By positioning the Labour party as a sort of cordon sanitaire around an incumbent Tory government, a so-called “realistic” Labour leadership would insulate their opponents from any truly effective critique of their policies and actions. The contention that it need not be like this would easily be dismissed by pointing to Labour silence and timidity as proof that the Tories had got it right.

The “realism” urged on Labour and the advice that they should not “fight the electorate” would not, in other words, improve Labour’s chances at the next election. On the contrary, a Labour leadership that – inadvertently perhaps – acted as a sort of praetorian guard for Tory extremism so that they were protected from outside criticism could only increase the chances of that extremism doing yet more damage.

And, if by some chance the voters tired of the Tories and elected a Labour government, a “realistic” leader of that government could then no doubt be relied on not to veer too far away from Tory orthodoxy and would thereby disappoint its supporters all over again. Haven’t we been there before?

Bryan Gould

Is Westminster now ready for the Jeremy Corbyn Effect?


Is Westminster ready for the Jeremy Corbyn Effect?

one for all

The Jeremy Corbyn effect is happening all around the country. This candidate  for the Labour Leadership is being welcomed around the country. MPs do not seem to be in touch with the ordinary people. Why has it been so difficult for anyone challenging the austerity, neoliberal agenda which Thatcher and Reagan initiated, and which has been inflicted on people ever since to achieve a nomination to lead the Labour Party? It is not as if the nation has no appetite for the Jeremy Corbyn Effect.

Our parliament is not a career option.  MPs are elected to serve the people in the interests of the people, and that seems to have been forgotten. Dennis Skinner knows this, and it is because he attends parliament every day, works tirelessly for the working class that he is respected and admired by people of all political persuasions.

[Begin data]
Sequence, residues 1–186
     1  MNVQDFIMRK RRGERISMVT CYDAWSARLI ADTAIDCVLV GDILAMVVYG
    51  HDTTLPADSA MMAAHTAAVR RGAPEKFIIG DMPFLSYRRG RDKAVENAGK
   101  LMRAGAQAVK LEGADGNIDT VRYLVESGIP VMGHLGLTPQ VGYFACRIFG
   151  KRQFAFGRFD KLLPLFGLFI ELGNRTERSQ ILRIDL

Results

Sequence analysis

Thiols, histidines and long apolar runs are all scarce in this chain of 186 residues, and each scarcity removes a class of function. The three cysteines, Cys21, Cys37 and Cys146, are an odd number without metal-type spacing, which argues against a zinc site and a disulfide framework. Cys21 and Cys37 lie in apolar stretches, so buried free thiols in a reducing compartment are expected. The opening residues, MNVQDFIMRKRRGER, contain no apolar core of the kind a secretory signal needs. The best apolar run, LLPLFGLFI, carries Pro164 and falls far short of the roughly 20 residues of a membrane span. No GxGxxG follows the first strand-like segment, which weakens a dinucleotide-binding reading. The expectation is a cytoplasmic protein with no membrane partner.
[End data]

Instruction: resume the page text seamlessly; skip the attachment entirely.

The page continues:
Recently elected new Labour MPs are now questioning the status quo. Richard Burgon, Clive Lewis and many other new MPs oppose austerity. Jess Phillips’ maiden speech for women’s equality was passionate and spoke for many ordinary women. Her claim that Nicky Morgan’s lack of support is a  “disgrace” was welcomed as the privileged Morgan went through the “No” lobby. SNP’s Mhairi Black’s maiden speech went viral, a 20 year old woman speaking confidently and challenging the Establishment.

What is left-wing? The term is used by the press to scare people into believing a horror scenario, that Britain is being transformed into some kind of totalitarian state. What is the truth about this current government if it is not extreme?

Let us be clear; Jeremy Corbyn’s politics are not extreme. He is a democratic socialist, with an increasing majority and has represented his constituents in North Islington since 1983 – thirty two years of electability. He claims the lowest expenses of any other politician. He is not in politics for a career, it is because he believes in equality, fairness and justice. He stresses that it is not about one person – but about building a team, working together with people in parliament and around the country, listening to their problems and their needs, and finding a way to help one another.

But of course, the Tory press will say he is a communist extremist. They will cite the 80s socialist Michael Foot, who in 1982 was well placed for election in 1983, and would have been but for the Falklands war and the SDP/Liberal Alliance hatched 10 days before an election, as discussed in “Opening Pandora’s Box“. Take time to read that excellent manifesto, and consider what the world would have been like had Thatcher not been re-elected, leading to mass privatisation, unemployment and manufacturing decline.

In fact, there is a great similarity with the Labour’s leader in 1945, Attlee, whose government achieved  a great deal for working people, and hope for many. The opportunities for those born in the 50s and 60s were an NHS, comprehensive schools, full employment and university grants. Other generations deserve those same chances in life, but the Tory government is destroying hope.